Accepting life after DBT!

I cannot believe that it has been almost a year since I began DBT skills training, and so much has changed…

I was lost, my marriage was failing apart because of my behaviour and it was questionable about how far my self harm would have gone and if I would have been successful in ending my life.

DBT was my last hope, my only hope, even though I was sceptical about the whole endeavour and to what level it would help. But I was desperate, wanting to not feel the way I was – lost and out of control. My emotions were ruling my behaviour and I felt out of control and unable to comprehend my true feelings.

So what has happened and what has changed:

  • I have not hurt myself since October 2012
  • I have recognised that emotions have a role to play and that getting rid of them is not a solution
  • Anger is not the only emotion
  • My emotions are my own and I will own them and know where they have come from
  • How to communicate my needs and wants to others through improving my interpersonal effective skills
  • The ability to identify the real ‘primary emotion’
  • How to tolerate distress

These skills have been invaluable since my diagnosis of MS.

On the 18th December 2013 I was diagnosed – Merry Christmas to me!! MRI’s, blood tests and starting drug treatment in January, which would involve a day stay in Hospital.

I am now taking Gilenya, a drug that suppresses the immune system to reduce the frequency of attacks by up to 50%.

On the 23rd December I went on holiday to Fiji and was able to spend a lot of time thinking, being mindful and looking inside about how I was really feeling. MS is a chronic illness and they are making advances all the time but something that is difficult to handle is that others try to be reassuring. Telling me about their friends with MS and how they are dealing with the disease. Everyone is different, the progression of the disease is different and treatment is different.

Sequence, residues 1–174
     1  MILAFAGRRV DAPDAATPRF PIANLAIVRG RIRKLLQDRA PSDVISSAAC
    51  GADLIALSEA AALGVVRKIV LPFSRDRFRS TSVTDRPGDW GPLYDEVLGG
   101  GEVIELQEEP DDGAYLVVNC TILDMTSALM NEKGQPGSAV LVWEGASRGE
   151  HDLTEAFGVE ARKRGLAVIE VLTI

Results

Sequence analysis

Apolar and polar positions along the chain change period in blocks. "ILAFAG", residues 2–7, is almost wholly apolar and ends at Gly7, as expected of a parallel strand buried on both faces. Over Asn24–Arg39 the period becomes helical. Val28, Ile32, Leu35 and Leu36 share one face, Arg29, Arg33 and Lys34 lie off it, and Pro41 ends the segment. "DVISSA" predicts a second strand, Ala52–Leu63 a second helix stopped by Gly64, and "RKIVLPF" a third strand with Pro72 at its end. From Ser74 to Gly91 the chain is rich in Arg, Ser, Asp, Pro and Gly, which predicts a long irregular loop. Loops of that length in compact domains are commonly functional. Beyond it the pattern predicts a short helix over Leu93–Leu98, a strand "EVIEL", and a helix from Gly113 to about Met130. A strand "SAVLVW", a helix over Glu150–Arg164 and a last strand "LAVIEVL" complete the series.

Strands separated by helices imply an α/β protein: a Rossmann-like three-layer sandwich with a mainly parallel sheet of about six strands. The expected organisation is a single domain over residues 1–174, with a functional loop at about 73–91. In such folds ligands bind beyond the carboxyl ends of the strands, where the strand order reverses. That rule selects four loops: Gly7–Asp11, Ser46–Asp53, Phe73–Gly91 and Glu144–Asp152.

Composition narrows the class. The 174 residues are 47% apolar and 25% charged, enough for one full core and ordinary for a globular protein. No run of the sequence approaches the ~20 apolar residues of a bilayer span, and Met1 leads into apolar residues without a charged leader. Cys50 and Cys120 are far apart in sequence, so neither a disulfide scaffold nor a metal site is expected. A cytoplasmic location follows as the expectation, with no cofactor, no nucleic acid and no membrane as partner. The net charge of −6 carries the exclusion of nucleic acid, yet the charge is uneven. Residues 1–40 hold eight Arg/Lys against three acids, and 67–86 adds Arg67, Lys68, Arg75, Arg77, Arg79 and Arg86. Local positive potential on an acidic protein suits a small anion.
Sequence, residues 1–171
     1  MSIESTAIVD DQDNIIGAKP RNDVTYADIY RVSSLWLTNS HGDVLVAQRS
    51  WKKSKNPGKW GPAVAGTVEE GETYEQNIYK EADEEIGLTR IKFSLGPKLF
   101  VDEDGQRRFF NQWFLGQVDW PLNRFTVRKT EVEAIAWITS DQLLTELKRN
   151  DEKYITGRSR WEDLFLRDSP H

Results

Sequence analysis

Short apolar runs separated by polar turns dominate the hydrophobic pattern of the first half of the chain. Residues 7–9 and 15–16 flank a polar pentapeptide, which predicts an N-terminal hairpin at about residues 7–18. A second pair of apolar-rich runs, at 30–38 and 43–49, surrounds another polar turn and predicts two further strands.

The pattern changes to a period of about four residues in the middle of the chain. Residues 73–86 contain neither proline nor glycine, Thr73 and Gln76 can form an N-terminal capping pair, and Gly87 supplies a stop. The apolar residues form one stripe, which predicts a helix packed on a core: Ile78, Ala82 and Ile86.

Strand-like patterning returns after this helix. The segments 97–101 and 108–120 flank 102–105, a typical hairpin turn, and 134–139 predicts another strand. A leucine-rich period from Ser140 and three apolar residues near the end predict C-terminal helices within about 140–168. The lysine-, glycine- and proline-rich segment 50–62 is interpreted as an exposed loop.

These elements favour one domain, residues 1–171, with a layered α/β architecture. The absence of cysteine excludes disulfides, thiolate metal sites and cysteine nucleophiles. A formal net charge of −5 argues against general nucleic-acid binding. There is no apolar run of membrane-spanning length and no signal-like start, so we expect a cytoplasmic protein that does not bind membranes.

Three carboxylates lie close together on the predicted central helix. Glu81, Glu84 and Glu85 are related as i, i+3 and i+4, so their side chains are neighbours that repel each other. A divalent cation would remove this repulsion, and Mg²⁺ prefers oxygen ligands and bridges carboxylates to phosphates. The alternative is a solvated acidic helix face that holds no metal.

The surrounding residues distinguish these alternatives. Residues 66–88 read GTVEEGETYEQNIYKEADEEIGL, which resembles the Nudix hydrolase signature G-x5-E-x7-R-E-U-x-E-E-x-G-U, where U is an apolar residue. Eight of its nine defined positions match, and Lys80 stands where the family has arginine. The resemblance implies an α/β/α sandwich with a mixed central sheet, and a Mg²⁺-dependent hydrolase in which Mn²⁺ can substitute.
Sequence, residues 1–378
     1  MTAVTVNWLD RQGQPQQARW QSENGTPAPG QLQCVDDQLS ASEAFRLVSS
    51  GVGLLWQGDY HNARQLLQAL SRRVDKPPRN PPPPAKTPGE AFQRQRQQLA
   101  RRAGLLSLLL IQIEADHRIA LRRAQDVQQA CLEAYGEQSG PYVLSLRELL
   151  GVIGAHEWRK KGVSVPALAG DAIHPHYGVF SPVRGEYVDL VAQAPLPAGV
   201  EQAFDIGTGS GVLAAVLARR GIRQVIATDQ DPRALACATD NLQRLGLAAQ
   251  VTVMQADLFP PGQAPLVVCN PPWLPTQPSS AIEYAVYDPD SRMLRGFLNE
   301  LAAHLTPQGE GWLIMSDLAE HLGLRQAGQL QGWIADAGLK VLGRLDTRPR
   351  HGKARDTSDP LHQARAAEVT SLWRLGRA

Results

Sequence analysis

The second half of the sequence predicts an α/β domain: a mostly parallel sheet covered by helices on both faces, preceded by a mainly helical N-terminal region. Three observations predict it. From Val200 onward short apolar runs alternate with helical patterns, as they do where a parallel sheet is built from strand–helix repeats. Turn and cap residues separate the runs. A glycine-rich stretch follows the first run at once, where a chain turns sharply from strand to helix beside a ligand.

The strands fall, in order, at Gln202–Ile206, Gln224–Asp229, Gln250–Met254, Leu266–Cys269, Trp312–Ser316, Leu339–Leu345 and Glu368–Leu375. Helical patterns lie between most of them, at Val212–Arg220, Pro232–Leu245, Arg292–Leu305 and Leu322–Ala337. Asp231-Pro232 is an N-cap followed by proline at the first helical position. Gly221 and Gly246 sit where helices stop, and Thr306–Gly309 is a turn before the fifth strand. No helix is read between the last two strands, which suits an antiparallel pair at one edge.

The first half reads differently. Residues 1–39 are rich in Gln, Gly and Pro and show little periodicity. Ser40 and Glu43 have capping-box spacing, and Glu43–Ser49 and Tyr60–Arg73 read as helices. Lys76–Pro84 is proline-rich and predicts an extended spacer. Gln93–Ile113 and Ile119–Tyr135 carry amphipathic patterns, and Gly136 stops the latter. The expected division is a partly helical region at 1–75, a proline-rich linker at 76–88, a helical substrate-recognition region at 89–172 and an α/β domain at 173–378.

I like to think that MS is not the end of the world I shall continue to fight and treat myself with compassion as and when my body has other ideas. I am not going to give in.

This diagnosis has turned my life upside down, it is resulting in me needing to move closer to Sydney, the potential that I would not be allowed to stay in Australia and a very high possibility of another move back to the UK.

Thank goodness for DBT otherwise I don’t think I would be coping right now.


3 responses to “Accepting life after DBT!

  1. I’m getting ready to start DBT in March when the next session starts. I sure hope I have results like you got. Congrats and keep up the good work.:)

    • Sorry for such a late reply – good luck with your DBT training. It always seems to start slow and then gets better. I hope you are feeling better about life and I wish you all the best. 🙂

  2. No worries. We reply when we are able, right? We never know what to expect from one day to the next, as to what our bodies have in store for us. I am getting some very good information in DBT group, and when I apply those skills, I do much better. I know it can take up to 3 years, I was told. I’ll be to every meeting possible. I’m already showing some real improvement in some areas. I just had a feeding tube surgically implanted into my abdomen, with complications, of course. But, that too, I will beat. Are you currently still in DBT? The way I feel about life varies from day to day, as I’m sure it does for you, as well, but I was having more “better” days than “bad” before I had this surgery on July 18th, but I’m a fighter, and this too, I shall beat, to put it politely. Thank you for your kind words and I hope you are still doing well with the skills you are learning or have already learned. It is some amazing “stuff.” Have a great day, my friend. Although bittersweet, it’s nice to know I don’t walk this journey alone. It’s nice to know that someone else truly understands what we go through. I’m glad our paths have crossed and hope we can keep in touch.. Peace out,
    Tammy 🙂

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